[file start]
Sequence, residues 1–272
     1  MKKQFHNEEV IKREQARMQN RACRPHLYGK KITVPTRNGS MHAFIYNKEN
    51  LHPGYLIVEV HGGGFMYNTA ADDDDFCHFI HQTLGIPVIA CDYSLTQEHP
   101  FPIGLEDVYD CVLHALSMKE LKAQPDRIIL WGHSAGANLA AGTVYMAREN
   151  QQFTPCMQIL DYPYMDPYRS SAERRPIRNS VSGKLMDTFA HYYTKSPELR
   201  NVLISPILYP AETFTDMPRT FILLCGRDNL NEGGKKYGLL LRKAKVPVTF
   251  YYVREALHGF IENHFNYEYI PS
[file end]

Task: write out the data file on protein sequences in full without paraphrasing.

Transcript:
Sequence, residues 1–272
     1  MKKQFHNEEV IKREQARMQN RACRPHLYGK KITVPTRNGS MHAFIYNKEN
    51  LHPGYLIVEV HGGGFMYNTA ADDDDFCHFI HQTLGIPVIA CDYSLTQEHP
   101  FPIGLEDVYD CVLHALSMKE LKAQPDRIIL WGHSAGANLA AGTVYMAREN
   151  QQFTPCMQIL DYPYMDPYRS SAERRPIRNS VSGKLMDTFA HYYTKSPELR
   201  NVLISPILYP AETFTDMPRT FILLCGRDNL NEGGKKYGLL LRKAKVPVTF
   251  YYVREALHGF IENHFNYEYI PS